Aging and Auditory Acuity: New Research Sheds Light on Hearing Loss in the 10th Decade of Life

hearing loss over 90 years of age
March 27, 2024

A newly published study has helped shed light on the prevalence and severity of hearing loss among individuals aged 90 and 95, providing valuable insights into the challenges faced by this age group.

Conducted as a cross-sectional study, researchers aimed to understand the extent of hearing impairment in the 10th decade of life. The study, conducted in home settings including care facilities and nursing homes, sought to maximize participation and representation.

Evaluating Hearing Health in the 10th Decade of Life

The study sample comprised two unselected groups from the population-based Gothenburg H70 Birth Cohort Studies, with 42 individuals aged 90 and 49 individuals aged 95.

Results revealed that nearly all participants (98%) exhibited some degree of hearing loss in their better ear, with 83% experiencing potentially disabling hearing loss of moderate degree or worse according to WHO criteria. Notably, differences between the two age groups indicated an increase in hearing loss, particularly at frequencies ≥ 2 kHz.

The implications of these findings are significant. With bilateral hearing loss affecting almost all individuals in the nonagenarian age group and 8 in 10 experiencing hearing loss severe enough to warrant intervention or hearing aid prescription, the study underscores the importance of addressing hearing health in this population. Furthermore, conducting standardized hearing measurements in a home setting was deemed feasible and enhanced the representativeness of the study population.

The study’s broader context emphasizes the growing demographic of older adults, particularly octogenarians and nonagenarians, in developed countries. With projections indicating a substantial increase in this demographic, understanding and addressing age-related health challenges become paramount. Age-related hearing loss (ARHL) is one such challenge, known to progress with age and adversely impact communication, psychosocial well-being, and quality of life.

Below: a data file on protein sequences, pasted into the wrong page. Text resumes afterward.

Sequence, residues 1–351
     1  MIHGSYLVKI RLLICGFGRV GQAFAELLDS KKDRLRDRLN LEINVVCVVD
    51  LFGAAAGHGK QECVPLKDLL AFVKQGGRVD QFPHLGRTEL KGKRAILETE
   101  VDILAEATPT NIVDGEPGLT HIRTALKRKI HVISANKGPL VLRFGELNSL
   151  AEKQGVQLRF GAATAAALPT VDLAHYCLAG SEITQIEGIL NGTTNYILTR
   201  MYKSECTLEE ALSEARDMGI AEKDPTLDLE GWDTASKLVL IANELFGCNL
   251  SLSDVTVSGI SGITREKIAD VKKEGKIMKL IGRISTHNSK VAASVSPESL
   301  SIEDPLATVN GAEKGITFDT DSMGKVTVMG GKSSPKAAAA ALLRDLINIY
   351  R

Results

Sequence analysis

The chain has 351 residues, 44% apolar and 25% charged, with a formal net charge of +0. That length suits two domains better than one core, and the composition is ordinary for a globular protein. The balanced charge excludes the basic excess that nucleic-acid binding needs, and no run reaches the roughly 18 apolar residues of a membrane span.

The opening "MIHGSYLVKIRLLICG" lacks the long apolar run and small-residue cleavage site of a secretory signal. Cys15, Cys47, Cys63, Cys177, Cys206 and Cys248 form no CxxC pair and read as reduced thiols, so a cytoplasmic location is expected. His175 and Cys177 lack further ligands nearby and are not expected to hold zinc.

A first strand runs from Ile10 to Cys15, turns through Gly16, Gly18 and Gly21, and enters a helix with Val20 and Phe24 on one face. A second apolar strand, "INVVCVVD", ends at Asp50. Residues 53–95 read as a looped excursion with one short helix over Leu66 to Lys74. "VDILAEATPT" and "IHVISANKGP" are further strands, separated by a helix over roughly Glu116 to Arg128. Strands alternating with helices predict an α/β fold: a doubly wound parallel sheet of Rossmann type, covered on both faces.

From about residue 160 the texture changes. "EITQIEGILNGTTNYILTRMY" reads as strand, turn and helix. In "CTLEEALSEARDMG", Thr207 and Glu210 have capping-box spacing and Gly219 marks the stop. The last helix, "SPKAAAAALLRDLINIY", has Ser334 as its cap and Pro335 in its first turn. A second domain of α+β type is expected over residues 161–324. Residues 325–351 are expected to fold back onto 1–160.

Hearing Health Across the Lifespan

Previous research on hearing loss among nonagenarians has been limited, often relying on subjective assessments or screening tests. This study, however, utilized standardized pure-tone audiometry to provide robust data on hearing acuity in this age group.

By conducting assessments in home settings, the study overcame logistical challenges associated with the age group’s cognitive, functional, and sensory impairments.

The study’s results also contribute to understanding the progression of hearing loss in advanced age. While ARHL is known to progress with age, studies on nonagenarians have shown varied results regarding the rate and severity of decline. This study’s findings align with previous research indicating a progressive decline, particularly in lower frequencies.

Notably, the study also examined gender differences in hearing loss among nonagenarians, finding a lesser extent of asymmetry between sexes compared to earlier age groups. This suggests a leveling out of hearing loss patterns between genders in advanced age.

Overall, the study underscores the urgency of addressing hearing health among nonagenarians, given the high prevalence and potentially disabling nature of hearing loss in this population. Healthcare workers are urged to prioritize hearing health assessments and adapt their practices to accommodate the diverse needs of older adults. Moving forward, further research is needed to develop effective interventions and enhance diagnostic and rehabilitative measures for this growing demographic.




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